Carnival Cruise Line’s Brand Ambassador, John Heald, recently confirmed on his Facebook page that future new builds would not feature a library moving forward.
While this news generated thousands of responses, there was a distinct divide amongst them, and with good reason.
Why Carnival Cruise Ship Libraries Are No More
Why would Carnival be moving away from libraries? The answer won’t likely surprise anyone.
“The reason is so we can have other bars, restaurants, etc. there,” admitted Heald. He added, “the reason is also that, well, the amount of people who want to borrow a book and sit, in library silence, on their fun cruise was, we saw, getting less and less.”
But ship libraries are much more than borrowing a book for many cruisers.
Yes, it’s true that most of us probably throw whatever books we want to enjoy during a cruise into our suitcases.
Heck, more than likely, we simply load up our Kindle or similar reading device, allowing us to bring a virtual library without eating up precious space in the luggage.
Why We Need Cruise Ship Libraries
But libraries on ships represent so much more than simply a place to borrow a book. They are a respite from a cruise ship’s often loud and boisterous nature. Not all passengers enjoy the constant noise from pool decks, bars, and sports centers throughout the day.
These new builds — the ones on which there are no more libraries — feature all sorts of excitement, including screaming kids of all ages on BOLT roller coaster and large atriums in which various shows are performed and events held.
They don’t necessarily feature many areas where one can simply… sit, relax, read, and play a game. Or, in the words of 80’s pop group Depeche Mode, “Enjoy the Silence.”
Many who responded to Heald’s news shared how they’ve enjoyed these spaces. One wrote of it being a great place to play a quiet game of cards, while another pointed out it had often been used for Friends of Bill meetings.
And then there were those whose memories of past visits to the library were far more personal. “I got married in the library on the Imagination,” wrote Sam Wills, “so I have definitely used them!”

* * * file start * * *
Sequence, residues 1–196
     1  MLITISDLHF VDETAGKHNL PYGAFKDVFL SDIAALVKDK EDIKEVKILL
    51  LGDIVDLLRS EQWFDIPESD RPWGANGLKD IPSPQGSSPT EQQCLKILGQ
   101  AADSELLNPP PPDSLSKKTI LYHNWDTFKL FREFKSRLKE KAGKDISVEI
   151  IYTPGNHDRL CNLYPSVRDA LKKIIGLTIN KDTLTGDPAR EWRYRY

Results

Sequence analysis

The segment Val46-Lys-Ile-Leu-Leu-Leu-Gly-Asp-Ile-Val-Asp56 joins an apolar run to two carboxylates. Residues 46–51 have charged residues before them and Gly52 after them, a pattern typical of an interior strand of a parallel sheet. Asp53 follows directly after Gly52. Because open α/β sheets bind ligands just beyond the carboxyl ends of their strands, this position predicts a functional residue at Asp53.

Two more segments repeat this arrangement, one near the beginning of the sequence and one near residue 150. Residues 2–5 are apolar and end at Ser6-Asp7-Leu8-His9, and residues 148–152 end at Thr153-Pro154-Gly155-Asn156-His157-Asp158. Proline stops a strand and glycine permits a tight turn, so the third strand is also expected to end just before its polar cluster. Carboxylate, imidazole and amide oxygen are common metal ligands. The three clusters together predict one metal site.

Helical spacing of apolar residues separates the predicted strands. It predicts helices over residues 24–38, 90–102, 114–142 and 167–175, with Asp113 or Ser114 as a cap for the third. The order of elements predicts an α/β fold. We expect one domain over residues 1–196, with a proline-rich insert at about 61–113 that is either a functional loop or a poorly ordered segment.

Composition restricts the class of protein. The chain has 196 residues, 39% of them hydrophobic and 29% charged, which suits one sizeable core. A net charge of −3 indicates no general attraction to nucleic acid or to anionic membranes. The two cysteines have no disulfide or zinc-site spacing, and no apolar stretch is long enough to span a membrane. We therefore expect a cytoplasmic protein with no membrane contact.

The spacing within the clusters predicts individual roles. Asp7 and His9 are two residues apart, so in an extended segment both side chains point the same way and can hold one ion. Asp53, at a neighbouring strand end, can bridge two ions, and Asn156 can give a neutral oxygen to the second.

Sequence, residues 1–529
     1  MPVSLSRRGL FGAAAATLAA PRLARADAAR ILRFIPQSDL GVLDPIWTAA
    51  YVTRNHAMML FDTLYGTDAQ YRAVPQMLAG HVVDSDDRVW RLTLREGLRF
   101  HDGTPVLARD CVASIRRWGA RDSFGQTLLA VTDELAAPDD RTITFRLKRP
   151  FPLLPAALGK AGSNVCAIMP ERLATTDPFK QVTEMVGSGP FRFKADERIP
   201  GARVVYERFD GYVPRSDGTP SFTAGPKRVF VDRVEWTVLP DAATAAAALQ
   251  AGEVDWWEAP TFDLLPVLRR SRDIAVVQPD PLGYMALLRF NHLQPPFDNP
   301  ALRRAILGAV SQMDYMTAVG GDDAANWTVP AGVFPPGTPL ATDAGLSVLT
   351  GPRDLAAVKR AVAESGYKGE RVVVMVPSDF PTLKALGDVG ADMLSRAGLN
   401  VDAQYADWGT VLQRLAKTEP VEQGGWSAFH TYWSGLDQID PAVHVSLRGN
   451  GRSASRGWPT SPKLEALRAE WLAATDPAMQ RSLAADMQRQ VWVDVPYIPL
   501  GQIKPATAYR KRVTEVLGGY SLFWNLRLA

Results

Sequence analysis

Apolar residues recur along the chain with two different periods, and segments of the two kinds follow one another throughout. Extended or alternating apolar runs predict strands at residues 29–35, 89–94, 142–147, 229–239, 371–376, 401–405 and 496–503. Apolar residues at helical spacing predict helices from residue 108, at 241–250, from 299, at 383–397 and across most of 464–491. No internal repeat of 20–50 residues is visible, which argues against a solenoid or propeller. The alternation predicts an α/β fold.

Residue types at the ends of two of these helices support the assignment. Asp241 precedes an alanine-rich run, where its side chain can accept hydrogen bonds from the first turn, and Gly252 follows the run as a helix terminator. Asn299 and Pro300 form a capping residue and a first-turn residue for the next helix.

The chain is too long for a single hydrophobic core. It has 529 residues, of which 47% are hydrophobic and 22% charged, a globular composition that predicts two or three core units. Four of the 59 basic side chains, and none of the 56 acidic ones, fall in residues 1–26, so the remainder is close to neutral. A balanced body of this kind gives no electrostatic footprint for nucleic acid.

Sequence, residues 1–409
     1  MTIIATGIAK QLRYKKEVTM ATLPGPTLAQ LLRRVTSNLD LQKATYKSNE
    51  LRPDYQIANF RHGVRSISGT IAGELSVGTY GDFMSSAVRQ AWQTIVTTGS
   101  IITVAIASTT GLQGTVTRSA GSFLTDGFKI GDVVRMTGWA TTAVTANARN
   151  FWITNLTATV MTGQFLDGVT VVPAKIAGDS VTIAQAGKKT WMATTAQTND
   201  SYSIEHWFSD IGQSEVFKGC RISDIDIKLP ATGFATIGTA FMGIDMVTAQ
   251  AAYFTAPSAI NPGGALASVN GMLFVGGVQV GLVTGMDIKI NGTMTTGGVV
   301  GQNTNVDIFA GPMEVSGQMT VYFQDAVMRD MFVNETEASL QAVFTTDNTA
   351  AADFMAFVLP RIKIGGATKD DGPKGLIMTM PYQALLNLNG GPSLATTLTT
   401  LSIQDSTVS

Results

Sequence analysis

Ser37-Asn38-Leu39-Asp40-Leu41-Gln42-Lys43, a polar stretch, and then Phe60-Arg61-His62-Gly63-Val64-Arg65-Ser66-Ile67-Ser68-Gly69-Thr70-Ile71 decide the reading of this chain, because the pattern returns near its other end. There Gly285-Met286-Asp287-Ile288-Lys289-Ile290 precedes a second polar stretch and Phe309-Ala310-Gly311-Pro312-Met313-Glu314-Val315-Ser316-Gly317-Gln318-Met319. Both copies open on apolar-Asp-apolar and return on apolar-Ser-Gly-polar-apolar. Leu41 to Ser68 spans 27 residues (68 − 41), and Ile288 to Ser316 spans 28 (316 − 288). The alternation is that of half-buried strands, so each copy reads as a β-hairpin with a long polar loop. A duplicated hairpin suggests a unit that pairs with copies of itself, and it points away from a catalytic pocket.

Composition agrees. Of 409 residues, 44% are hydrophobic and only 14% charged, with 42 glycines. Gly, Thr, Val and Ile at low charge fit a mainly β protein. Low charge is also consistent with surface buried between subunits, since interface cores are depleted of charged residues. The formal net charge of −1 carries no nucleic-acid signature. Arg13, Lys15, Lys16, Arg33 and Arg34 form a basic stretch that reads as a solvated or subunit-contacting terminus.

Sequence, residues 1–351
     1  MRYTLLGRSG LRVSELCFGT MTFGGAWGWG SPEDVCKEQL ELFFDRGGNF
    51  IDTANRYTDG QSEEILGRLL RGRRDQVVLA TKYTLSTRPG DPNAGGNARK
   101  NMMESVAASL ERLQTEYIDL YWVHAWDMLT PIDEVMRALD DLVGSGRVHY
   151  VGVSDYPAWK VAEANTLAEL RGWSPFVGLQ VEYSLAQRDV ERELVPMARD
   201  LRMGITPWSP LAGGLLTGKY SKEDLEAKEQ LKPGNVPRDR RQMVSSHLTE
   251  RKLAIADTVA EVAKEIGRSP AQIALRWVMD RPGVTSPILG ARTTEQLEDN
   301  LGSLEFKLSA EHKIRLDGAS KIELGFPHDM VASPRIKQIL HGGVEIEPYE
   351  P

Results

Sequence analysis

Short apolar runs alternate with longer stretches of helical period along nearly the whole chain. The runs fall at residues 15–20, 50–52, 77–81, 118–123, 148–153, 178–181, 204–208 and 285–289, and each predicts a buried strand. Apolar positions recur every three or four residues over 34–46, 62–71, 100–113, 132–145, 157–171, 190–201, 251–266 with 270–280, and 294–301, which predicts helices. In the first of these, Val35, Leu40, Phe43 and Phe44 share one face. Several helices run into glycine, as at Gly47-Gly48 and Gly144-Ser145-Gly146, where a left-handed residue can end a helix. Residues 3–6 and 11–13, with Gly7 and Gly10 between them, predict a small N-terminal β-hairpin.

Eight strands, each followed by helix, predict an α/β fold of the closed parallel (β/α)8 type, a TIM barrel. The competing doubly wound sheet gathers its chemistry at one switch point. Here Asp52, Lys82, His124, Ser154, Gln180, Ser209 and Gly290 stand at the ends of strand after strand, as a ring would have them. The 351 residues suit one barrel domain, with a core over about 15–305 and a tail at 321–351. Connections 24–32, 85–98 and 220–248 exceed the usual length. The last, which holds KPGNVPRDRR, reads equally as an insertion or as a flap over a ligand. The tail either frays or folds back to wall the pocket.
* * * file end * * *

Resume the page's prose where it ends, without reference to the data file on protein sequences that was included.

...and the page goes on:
As a reader, a writer, and a player of games, I’ve long loved cruise ship libraries. I’ve visited the space on every ship I’ve sailed, whether to find something new to read, play a few hands of cards with newly-met friends or relax (by which I mean fall asleep in a comfortable chair).
So for me — and those like me — the thought of libraries going the way of free room service and skeet shooting off the back of the ship (and yes, there was a time you could do this!) is sad.
Don’t get me wrong, I love bars and restaurants, and Carnival ships tend to have a wonderfully wide variety of both.
Onboard Revenue vs. Quiet Time
But considering the size of a typical cruise ship library, how much space is being bought by their elimination? The casino can add a handful of new slot machines, or a restaurant can add a few new tables. It’s not like a new venue will fit into the library space.
And while I understand that cruise lines are a business, must every inch of space be used to generate income?
Have you considered that some individuals may appreciate having a peaceful environment to read, socialize, or play games? They may try a different cruise line if this cherished sanctuary is taken away.
But of course, as Heald pointed out, “less and less” people want to visit the library. Even if news of losing them elicits thousands of responses from people who feel otherwise.
In the future, Carnival cruise ship libraries will be a space of the past.
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